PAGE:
Treating customers with courtesy and respect has been a core value at Wells Fargo for more than 160 years. Back in 1888, its agents were given the following instructions: “Proper respect must be shown to all — let them be men, women, or children, rich or poor, white or black—it must not be forgotten that the Company is dependent on these same people for its business.”

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Q&A With David Shapiro, VP Of Member Experience For Medicare And Retirement, UnitedHealth Group

There is a staggering amount of customer experience work going on in the healthcare industry these days. From providers (the docs), to pharma companies and payers (health insurers), everyone is trying to figure out what to do and how to do it.

One guy who’s figured out a lot is David Shapiro, who wowed members of Forrester’s Customer Experience Council last year with a presentation of how UnitedHealth Group uses journey maps to transform experiences. David is the vice president of member experience for Medicare and retirement at UnitedHealth, and he's one of the speakers at Forrester's Forum For Customer Experience Professionals East on June 25th and 26th in New York.

In advance of his speech, we put some questions to David about the evolution of customer experience at his organization.

David Shapiro

Q. When did your company first begin focusing on customer experience? Why?

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Announcing Speakers For Forrester’s Customer Experience Forum East, 2013 – June 25 & 26 in NYC!

I’m excited to finally be able to talk publicly about our CX Forum East in New York at the end of June. The theme this year is “Boost Your Customer Experience To The Next Level.” We picked that theme because ever since last fall when we published Outside In, our book about customer experience, people have been asking us to show them how to either get started on the path to CX maturity or accelerate their progress. This forum is all about helping people create customized roadmaps for their organizations.

Megan Burns will kick off the first day of the event with a speech about “The Path To Customer Experience Maturity.” The speech will debut new research about companies that successfully adopted new competencies and changed employee behavior. Attendees will be the first ones to get copies of Megan’s new report that details her findings – I’m editing the report and I am really jazzed about what she’d discovering.

Kerry Bodine, my co-author for Outside In, will kick off the second day of the event with a speech about customer experience innovation. Her speech will also be based on new research. She’ll detail her findings  into what distinguishes incremental CX improvements from true innovations. She’ll also describe how companies can create innovation engines within their organizations – the “road map” for the advanced class. For those of you who want to leap ahead of the pack and truly differentiate through customer experience, this is a “must see” presentation.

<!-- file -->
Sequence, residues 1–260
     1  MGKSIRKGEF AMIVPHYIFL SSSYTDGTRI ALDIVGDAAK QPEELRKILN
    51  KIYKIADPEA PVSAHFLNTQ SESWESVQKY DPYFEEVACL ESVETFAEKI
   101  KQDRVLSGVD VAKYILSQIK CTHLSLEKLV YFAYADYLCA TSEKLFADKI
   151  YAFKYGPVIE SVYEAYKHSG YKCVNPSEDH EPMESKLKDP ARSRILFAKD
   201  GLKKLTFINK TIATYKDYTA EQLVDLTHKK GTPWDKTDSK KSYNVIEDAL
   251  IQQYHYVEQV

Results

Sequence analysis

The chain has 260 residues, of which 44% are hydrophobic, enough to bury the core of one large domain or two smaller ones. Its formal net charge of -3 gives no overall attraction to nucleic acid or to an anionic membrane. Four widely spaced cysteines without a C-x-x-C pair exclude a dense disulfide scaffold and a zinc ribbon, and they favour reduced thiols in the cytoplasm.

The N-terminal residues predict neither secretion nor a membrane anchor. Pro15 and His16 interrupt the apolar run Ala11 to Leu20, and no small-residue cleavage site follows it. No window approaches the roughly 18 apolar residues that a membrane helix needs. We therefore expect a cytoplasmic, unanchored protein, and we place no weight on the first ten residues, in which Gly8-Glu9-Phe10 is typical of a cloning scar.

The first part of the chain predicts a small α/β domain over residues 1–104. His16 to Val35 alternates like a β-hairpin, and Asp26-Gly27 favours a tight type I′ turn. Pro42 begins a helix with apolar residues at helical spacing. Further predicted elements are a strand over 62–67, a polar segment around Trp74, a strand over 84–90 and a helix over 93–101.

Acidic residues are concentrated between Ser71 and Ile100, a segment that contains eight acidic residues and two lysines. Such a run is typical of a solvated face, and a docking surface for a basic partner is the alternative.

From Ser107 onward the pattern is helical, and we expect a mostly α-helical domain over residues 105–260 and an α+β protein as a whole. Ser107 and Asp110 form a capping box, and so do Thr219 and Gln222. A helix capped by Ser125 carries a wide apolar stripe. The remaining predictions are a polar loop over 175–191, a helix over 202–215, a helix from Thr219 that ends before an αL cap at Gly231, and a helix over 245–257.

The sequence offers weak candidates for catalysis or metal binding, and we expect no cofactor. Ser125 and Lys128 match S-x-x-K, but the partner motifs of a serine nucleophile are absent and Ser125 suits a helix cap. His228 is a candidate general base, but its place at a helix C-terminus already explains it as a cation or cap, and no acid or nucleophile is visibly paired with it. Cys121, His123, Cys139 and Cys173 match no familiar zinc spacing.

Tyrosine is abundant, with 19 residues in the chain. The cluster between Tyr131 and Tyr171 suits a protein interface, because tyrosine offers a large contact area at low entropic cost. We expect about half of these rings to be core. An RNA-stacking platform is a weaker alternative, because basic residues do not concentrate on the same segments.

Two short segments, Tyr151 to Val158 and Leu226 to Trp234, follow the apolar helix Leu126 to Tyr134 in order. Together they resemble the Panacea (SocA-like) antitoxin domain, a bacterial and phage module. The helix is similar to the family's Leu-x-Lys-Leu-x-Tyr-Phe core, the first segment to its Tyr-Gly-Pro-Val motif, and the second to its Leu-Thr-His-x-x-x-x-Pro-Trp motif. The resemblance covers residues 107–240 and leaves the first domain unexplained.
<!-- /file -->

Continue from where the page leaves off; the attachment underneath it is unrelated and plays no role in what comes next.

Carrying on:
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Stop Watching The Stock Ticker And Start Improving Customer Experience

As an avid personal investor I’m often appalled by cable shows that report on the markets as if they were non-stop sporting events. Seriously, how many people care how the NASDAQ or the Dow are doing on any given minute of any given day? But apparently there are enough day traders out there that noon reports from the floor of the New York Stock Exchange are as compelling as half-time reports during the NFL playoffs.

Nah.

I have to confess that there is one piece of financial analysis that I do look forward to – though in my defense, this is an annual occurrence and not an hourly update. The analysis comes from Jon Picoult, a gentleman who runs Watermark Consulting.

For a while now Jon has been taking the data from Forrester’s Customer Experience Index (CXi) and using it to do a thought experiment. In this experiment he looks at what would have happened if, back when we first published the CXi, an investor had taken two equal buckets of money and created two U.S. stock portfolios.  The first portfolio would have consisted of the top 10 publicly traded companies in our index (the customer experience leaders). The second portfolio would have consisted of the bottom 10 publicly traded companies in the index (the customer experience laggards).

In Jon’s model the investor would have held each portfolio for a year, then sold them both and taken his profits (or losses). He would have then used the proceeds to purchase the new year’s leaders and the new year’s laggards, continuing this cycle of selling and buying for all six years that the CXi has been in existence.

Intriguing, right? Even those of us who believe in the business value of customer experience (or in my case can prove it through research) don’t normally look at the impact on stock performance.